Veteran Raul Sanchez protests for federal workers idled by the shutdown outside the San Antonio office of U.S. Sen. Ted Cruz, R-Texas. (Eric Gay / AP)
Washington— Three days into a government shutdown, President Barack Obama pointedly blamed House Speaker John Boehner on Thursday for keeping federal agencies closed, while the bitter budget dispute moved closer to a more critical showdown over the nation’s line of credit. The Treasury warned of calamitous results if Congress fails to raise the debt limit.
Answering Obama, Boehner complained that the president was “steamrolling ahead” with the implementation of the nation’s new health care law.
Last night, Obama canceled a trip to Asia next week because of the shutdown.
Two House Republicans said Boehner told them he would allow a House vote on restarting the entire government — but only if conservative GOP lawmakers assured him they would not attack it for failing to contain curbs on the health care law. So far they have been unwilling to give that commitment.
The shutdown and the approaching debt ceiling were merging into one confrontation.
Obama and his Treasury Department said that failure to raise the nation’s borrowing limit, expected to hit its $16.7 trillion cap in mid-October, could precipitate an economic nosedive worse than the Great Recession.
A default could cause the nation’s credit markets to freeze, the value of the dollar to plummet and U.S. interest rates to skyrocket, according to the Treasury report.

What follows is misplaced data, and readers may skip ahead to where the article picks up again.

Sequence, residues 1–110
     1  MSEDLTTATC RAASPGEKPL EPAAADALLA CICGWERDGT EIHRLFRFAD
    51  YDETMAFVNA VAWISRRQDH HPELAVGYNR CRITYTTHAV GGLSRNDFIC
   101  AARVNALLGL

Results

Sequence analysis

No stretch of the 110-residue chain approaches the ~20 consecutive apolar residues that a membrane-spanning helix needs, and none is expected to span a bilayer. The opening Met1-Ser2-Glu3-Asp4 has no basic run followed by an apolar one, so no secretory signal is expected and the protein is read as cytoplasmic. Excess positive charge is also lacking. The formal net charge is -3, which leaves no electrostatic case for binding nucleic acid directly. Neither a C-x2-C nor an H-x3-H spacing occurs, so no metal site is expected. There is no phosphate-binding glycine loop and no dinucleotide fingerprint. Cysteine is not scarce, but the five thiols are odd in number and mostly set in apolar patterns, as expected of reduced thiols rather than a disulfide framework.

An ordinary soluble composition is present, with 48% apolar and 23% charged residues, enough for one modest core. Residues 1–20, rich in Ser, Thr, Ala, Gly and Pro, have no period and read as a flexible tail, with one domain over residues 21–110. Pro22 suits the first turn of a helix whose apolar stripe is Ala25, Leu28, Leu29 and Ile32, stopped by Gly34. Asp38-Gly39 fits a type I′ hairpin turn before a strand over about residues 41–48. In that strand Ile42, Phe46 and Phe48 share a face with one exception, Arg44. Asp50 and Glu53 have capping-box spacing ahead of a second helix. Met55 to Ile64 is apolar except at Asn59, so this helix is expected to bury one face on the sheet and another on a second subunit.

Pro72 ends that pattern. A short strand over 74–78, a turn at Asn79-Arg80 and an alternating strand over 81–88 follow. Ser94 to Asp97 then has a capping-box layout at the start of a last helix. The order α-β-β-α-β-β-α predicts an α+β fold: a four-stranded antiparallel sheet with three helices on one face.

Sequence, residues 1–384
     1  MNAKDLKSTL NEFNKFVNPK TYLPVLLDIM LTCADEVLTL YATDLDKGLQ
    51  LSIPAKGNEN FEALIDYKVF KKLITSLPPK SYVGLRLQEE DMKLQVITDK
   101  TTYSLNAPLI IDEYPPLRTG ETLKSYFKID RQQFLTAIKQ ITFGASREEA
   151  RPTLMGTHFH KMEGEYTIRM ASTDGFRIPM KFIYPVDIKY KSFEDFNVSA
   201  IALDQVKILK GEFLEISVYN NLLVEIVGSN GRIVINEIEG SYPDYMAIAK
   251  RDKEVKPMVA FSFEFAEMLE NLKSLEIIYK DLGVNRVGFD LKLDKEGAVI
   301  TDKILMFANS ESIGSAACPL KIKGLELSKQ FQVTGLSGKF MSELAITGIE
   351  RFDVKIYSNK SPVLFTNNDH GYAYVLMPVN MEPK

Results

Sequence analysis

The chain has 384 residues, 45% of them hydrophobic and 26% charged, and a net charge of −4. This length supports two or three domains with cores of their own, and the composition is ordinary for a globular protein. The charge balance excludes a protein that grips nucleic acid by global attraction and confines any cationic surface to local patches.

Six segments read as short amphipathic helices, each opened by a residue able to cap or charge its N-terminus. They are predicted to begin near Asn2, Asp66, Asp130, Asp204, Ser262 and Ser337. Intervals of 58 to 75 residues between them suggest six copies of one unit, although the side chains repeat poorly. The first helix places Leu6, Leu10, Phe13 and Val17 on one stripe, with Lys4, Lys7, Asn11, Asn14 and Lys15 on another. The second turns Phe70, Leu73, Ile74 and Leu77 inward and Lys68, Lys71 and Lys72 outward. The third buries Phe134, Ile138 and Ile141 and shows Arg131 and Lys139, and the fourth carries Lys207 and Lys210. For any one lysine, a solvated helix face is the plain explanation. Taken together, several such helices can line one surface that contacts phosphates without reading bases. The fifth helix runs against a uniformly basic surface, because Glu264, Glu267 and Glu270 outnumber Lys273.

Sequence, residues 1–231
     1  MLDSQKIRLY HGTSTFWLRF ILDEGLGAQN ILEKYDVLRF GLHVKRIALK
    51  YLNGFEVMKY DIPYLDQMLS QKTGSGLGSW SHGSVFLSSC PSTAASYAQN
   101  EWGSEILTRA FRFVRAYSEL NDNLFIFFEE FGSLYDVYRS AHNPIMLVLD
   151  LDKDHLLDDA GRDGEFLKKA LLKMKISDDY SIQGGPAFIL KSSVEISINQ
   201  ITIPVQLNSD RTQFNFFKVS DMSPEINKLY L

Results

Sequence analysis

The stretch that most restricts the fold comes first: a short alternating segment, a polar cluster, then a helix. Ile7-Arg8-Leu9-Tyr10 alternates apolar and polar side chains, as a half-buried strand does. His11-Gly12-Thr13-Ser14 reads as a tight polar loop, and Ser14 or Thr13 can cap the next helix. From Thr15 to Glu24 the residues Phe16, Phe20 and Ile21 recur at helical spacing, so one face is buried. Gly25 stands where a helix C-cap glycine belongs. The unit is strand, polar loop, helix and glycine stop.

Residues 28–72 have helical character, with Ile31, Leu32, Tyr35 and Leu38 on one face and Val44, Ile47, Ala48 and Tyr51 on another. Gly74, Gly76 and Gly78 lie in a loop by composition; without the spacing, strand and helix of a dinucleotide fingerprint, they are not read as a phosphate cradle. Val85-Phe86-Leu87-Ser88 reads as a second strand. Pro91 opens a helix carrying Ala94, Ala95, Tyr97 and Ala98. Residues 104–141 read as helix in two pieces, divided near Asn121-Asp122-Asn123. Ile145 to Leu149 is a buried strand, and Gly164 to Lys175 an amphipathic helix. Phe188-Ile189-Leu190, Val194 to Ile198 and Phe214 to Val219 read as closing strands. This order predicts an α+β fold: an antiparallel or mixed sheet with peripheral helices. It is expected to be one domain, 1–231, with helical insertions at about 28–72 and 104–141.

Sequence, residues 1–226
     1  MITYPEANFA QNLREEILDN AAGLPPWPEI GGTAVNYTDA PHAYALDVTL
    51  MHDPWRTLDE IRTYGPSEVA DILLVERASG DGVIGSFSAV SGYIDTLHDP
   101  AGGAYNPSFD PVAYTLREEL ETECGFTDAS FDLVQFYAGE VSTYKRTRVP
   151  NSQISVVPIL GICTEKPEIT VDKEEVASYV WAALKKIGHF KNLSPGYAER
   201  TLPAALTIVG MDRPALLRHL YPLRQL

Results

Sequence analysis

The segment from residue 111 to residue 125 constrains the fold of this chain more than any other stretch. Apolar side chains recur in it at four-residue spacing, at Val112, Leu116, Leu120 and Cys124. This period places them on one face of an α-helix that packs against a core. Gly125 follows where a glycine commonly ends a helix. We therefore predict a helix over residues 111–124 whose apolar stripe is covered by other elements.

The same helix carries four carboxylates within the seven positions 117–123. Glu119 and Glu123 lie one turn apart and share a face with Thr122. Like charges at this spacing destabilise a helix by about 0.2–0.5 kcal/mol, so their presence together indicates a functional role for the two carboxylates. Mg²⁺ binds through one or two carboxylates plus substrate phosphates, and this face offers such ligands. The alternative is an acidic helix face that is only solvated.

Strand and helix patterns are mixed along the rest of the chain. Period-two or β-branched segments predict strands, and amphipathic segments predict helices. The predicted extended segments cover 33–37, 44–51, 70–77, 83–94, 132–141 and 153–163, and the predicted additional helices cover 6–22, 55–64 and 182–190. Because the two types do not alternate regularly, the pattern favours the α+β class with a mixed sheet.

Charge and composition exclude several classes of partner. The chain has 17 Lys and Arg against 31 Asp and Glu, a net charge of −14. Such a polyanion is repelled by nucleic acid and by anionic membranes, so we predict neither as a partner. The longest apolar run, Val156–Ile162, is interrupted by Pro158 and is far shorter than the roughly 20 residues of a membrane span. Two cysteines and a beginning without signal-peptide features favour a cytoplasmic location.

The speaker’s office reiterated Boehner’s past assertion that he would not let the United States default on its debt.
“But if we’re going to raise the debt limit, we need to deal with the drivers of our debt and deficits,” said his spokesman, Michael Steel.
Looking to deflect the Democratic finger-pointing on the shutdown, the Republican-controlled House pushed a pair of bills through the House on Thursday restoring money to veterans’ programs and to pay National Guard and Reserve members. A House vote also is scheduled on legislation to give federal workers furloughed in the ongoing partial shutdown their missed pay when the government reopens.
That vote could come as early as today or over the weekend.
U.S. Rep. Mike Rogers, R-Howell, said he’s worried by the tactics used by fellow Republicans over the shutdown fight and questioned how long they would continue battling on “enemy’s territory” with little accomplishment.
U.S. Rep. Dan Kildee, D-Flint Township and freshman lawmaker, also expressed frustration. He knew he was entering a partisan body but he didn’t realize it was one where the House Republican majority would prevent a vote on a budget bill that would end a government shutdown.
Detroit News Staff Writer Marisa Schultz contributed.